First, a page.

The second parasagittal component of flocculonodular lobe circuits is defined by zonal efferent projections to the ipsilateral vestibular nuclei. The early PKC changes in the flocculus are centered in a zone that projects to the medial vestibular nucleus (Balaban, 1984; Ito, 1984), whereas the intermediate nodulus projects to the superior and medial vestibular nuclei (Balaban, 1984; Shojaku et al., 1987). Electrophysiological studies of medial vestibular nucleus neurons after acute labyrinthectomy have reported reduced resting activity ipsilateral and increased resting activity contralateral to the lesion (for review, Smith and Curthoys, 1989). A similar pattern of 2-DG uptake has been reported within a few hours of labyrinthine damage, with increased uptake in the contralateral medial vestibular nucleus (Patrickson et al., 1985) and decreased uptake ipsilaterally (Llinas et al., 1979; Patrickson et al., 1985; Luyten et al., 1986). Given the existence of presynaptic receptors and retrograde transport mechanisms, it is possible that the sagittal distribution of changes in Purkinje cell PKC expression reflects a retrograde influence of vestibular nucleus activity such that elevated activity in the contralateral vestibular nuclei induces an upregulation of PKC expression in presynaptic Purkinje cells. Because the asymmetric changes in PKC expression did not seem to be uniform within an entire parasagittal band in the flocculus or nodulus, however, a contribution of mossy fiber–granule cell-parallel fiber pathways, monoaminergic afferents, or intracerebellar interneurons to these responses cannot be excluded.
It is noteworthy that transient, asymmetric changes in Purkinje cell PKCα, -δ, and -γ expression were distributed within sagittal regions of the flocculonodular lobe, a region related to control of vestibulo-ocular reflexes, but were absent in the anterior vermis, a region related to postural control. Previous studies have reported that lesions of the flocculonodular lobe produce spontaneous nystagmus and impair compensation of the symmetry of vestibulo-ocular reflexes after UL (Llinas and Walton, 1979; Jeannerod et al., 1981; Courjon et al., 1982; Igarashi and Ishikawa, 1985; Smith and Curthoys, 1989). The location of changes in Purkinje cell PKC expression suggests further that these intracellular signal transduction substrates are regulated within distinct cerebellar circuits that influence vestibular reflexes. For example, the zonal asymmetries in flocculus PKC expression 6 hr after UL suggest an association with a region that receives horizontal retinal slip-climbing fiber input, projects to the medial vestibular nucleus, and modulates horizontal vestibulo-ocular reflexes (Ito, 1985;Leonard et al., 1988). In the cerebellum, PKC seems to be an important mediator of long-term depression of parallel fiber EPSPs by climbing-fiber activation (Linden and Connor, 1995). Of particular importance is the observation that PKC activation both depresses parallel fiber EPSPs (Crepel and Krupa, 1988; Boxall et al., 1995) and occludes the production of long-term depression of parallel-fiber EPSPs by climbing fiber activation (Boxall et al., 1995). Although long-term depression of Purkinje cell responses was reported in mutant mice deficient in PKCγ, the significant reduction in this response by intracellular injections of a PKC inhibitor (Chen et al., 1995) is consistent with a role of multiple PKC isoforms in the induction of long-term depression. The observation of parallel changes in Purkinje cell expression of calcium-sensitive (PKCα and -γ) and calcium-insensitive (PKCδ) forms of PKC within 6 hr of labyrinthectomy is consistent with this perspective. Thus, regional changes in Purkinje cell PKC expression may be an early intracellular signal contributing to vestibular compensation. It is suggested that regulation of PKC expression may facilitate synaptic plasticity by adjusting the efficacy of biochemical responses of Purkinje cells to intracellular fluxes in calcium, arachidonic acid, and diacylglycerol during the acute post-UL period.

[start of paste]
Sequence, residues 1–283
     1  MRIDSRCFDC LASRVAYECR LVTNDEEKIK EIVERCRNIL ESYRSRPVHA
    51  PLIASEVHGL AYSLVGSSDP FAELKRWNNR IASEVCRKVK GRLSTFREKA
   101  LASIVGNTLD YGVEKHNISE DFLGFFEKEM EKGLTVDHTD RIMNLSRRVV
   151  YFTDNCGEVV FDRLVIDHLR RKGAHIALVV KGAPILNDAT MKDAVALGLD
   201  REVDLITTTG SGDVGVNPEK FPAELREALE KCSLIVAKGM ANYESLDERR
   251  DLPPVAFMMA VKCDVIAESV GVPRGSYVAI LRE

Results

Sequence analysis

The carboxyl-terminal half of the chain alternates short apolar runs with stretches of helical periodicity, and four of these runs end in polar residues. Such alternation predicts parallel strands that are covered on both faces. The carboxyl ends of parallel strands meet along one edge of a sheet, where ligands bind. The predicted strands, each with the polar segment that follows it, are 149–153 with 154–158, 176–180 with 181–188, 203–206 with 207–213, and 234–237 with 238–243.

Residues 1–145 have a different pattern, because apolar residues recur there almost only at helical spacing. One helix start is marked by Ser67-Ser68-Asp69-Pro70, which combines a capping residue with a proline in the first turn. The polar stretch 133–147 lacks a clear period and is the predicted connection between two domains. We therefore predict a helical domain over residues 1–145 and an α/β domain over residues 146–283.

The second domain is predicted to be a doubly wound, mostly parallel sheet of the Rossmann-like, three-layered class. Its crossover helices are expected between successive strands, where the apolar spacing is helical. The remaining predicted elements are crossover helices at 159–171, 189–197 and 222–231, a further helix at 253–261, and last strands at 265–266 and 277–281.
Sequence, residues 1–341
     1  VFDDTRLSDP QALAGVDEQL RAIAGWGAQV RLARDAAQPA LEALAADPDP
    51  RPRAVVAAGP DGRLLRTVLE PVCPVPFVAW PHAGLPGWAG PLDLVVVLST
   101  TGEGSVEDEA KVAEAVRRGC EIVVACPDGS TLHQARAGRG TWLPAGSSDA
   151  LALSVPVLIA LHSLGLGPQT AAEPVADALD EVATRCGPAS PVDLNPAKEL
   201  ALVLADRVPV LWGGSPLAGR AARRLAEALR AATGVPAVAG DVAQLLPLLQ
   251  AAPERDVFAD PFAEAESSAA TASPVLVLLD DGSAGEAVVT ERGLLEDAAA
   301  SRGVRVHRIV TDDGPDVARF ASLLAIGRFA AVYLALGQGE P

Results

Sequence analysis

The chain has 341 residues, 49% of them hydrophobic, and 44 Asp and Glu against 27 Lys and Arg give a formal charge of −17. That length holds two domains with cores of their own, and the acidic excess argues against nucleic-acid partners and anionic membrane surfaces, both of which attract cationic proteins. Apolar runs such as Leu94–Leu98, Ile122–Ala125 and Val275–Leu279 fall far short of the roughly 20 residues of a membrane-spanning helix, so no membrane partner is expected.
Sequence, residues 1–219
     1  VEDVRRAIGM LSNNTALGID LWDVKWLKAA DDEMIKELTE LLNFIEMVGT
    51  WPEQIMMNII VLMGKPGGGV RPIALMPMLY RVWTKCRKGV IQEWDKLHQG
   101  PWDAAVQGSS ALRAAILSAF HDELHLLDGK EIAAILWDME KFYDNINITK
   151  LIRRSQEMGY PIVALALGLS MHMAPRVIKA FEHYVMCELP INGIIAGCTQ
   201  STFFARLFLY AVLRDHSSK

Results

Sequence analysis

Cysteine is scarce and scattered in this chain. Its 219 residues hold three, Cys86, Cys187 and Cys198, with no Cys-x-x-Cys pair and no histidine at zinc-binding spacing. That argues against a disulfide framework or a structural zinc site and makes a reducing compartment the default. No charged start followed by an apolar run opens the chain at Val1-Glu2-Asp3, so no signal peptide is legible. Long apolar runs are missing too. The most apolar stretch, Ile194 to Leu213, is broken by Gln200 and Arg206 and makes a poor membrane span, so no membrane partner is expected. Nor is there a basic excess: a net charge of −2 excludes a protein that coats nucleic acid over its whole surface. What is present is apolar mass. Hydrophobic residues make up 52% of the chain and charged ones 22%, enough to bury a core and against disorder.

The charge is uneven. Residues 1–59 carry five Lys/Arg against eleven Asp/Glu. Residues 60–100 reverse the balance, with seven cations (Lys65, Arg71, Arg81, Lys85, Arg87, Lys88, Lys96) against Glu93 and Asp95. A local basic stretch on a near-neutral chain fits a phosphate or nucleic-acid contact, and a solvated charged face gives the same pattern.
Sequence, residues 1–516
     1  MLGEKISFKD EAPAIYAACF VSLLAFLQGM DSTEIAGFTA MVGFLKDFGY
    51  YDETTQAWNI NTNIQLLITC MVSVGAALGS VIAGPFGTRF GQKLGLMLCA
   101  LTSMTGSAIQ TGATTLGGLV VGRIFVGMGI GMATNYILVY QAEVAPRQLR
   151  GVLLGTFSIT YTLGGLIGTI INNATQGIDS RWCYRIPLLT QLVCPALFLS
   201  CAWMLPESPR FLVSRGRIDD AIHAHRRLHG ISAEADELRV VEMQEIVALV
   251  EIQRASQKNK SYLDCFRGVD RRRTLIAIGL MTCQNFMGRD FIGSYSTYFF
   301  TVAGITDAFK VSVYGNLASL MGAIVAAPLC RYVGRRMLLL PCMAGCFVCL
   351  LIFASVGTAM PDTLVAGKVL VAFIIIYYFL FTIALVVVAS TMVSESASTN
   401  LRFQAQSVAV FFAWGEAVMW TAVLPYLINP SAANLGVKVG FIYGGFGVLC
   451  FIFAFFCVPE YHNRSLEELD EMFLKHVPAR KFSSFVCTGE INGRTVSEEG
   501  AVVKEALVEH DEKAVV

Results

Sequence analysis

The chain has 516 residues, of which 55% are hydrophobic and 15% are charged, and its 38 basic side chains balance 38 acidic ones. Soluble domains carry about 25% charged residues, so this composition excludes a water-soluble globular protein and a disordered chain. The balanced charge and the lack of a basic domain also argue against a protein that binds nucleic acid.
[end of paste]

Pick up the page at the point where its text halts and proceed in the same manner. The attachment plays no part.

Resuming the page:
This work was supported by National Institutes of Health (National Institute on Deafness and Other Communication Disorders) Grant R01 DC02556 (C.D.B.), a Howard Hughes Medical Institute Medical Student Research Training Fellowship (M.M.G.), and The William Randolph Hearst Otological Research Fellowship, Deafness Research Foundation (M.M.G.). We thank Gloria Limetti, Maria Freilino, and Steve Slezak for expert technical and histological assistance.
Correspondence should be addressed to Dr. Carey D. Balaban, Department of Otolaryngology, University of Pittsburgh, The Eye and Ear Institute of Pittsburgh, 203 Lothrop Street, Pittsburgh, PA 15213.
Dr. Goto’s present address: Department of Otolaryngology, Naval Medical Center–San Diego, 34800 Bob Wilson Drive, San Diego, CA 92134-5000.